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Low premiums benefit metal buyers

With declines in demand for its bullion products during 2017, the U.S. Mint toward year end dropped the premiums charged to its Authorized Purchasers on gold American Eagles and Buffaloes. This decline in premiums may or may not continue.


Some of the drop in demand can be attributed to lower physical precious metals demand in the United States, unlike 2017 increases in demand in China, India, Germany and several other European nations.

The gold American Eagles are only 22 karat (.9167) purity, which makes them unpopular in China and India, the highest gold-consuming nations in the world. As a consequence, American Eagle demand is highly dependent on demand within the United States.

Another factor in possible decline in demand for gold American Eagles can be attributed to the Royal Canadian Mint having reduced the premiums it charged its primary distributors. This resulted in the one-ounce gold Maple Leaf being available in the United States at about a one percent discount to the one-ounce gold American Eagle.

During 2017, my company experienced a significant shift in customer demand away from gold Eagles to gold Maple Leaves. I have heard similar stores from other dealers.

There is a general trend with gold bullion coins and ingots that when premiums fall, they almost never go back up to prior levels. That occurred with the Austria/Hungary 100 coronas and Mexico 50 pesos in the 1970s, and the British sovereign, South Africa Krugerrand, and U.S. American Arts Medallions in the 1980s.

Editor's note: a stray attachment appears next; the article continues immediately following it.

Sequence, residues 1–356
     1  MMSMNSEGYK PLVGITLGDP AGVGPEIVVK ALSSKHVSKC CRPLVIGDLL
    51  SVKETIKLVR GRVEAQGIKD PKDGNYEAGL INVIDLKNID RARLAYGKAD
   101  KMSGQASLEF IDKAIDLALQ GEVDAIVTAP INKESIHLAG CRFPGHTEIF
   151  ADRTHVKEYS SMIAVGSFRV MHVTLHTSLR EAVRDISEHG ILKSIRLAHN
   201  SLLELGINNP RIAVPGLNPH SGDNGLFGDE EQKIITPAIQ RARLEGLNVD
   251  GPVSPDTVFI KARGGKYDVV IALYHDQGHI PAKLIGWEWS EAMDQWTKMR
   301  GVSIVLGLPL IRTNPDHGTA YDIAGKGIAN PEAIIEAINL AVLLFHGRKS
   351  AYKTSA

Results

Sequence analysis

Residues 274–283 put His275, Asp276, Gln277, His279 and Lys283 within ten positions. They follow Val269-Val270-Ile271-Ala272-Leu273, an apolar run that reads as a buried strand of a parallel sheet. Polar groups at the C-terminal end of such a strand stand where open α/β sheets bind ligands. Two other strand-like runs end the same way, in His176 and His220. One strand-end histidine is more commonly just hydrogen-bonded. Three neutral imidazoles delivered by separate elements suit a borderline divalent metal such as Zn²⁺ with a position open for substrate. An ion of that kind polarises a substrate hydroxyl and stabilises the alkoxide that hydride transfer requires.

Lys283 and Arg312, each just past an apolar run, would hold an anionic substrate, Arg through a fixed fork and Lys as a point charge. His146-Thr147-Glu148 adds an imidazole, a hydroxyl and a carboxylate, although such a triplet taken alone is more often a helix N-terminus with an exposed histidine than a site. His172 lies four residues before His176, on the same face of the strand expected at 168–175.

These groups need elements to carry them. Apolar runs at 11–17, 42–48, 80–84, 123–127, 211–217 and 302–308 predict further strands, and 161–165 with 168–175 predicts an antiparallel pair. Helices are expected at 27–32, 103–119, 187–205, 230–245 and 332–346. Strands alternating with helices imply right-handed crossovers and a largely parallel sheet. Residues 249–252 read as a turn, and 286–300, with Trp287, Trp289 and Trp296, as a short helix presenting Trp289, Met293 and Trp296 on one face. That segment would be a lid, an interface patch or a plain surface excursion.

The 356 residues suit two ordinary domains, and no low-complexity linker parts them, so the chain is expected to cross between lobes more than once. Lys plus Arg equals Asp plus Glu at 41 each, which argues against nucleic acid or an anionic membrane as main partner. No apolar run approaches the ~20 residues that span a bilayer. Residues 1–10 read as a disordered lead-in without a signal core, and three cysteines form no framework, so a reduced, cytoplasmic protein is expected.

The risk of a slight loss of future premiums is one reason why my general recommendation is to purchase the low premium issues if they cost less per ounce than issues in current production.

Even today, buying physical gold in the form of Austria 100 coronas, Mexico 50 pesos, and U.S. American Arts Medallions costs you less per ounce of gold content than almost any other issues.

As for silver products, U.S. 90 percent silver coins also fell in premiums over the course of 2017. This week, I checked selling price formulas for companies that appeared in the first three pages of a Google search for “90 percent silver coins.” There were 18 companies that posted their premium levels online. I tried to do a comparison of prices for $1,000 face value bags (715 ounces of silver content), but one company only quoted a maximum quantity price for $100 face value. For $100 face value, this company quoted a price of $4.98 per ounce above the silver ask spot price.

The other 17 companies were far more competitive for $1,000 face value bags of U.S. 90 percent silver coins. Five firms quoted formulas from $1.09 to $1.61 per ounce above the silver ask spot price. Five others were charging ask spot plus 49 to 89 cents per ounce. The other seven dealers were pricing their junk silver bags at 39 cents or less per ounce over the silver ask spot price. These low-price sellers bring the retail premium down to around 2 percent above the metal value.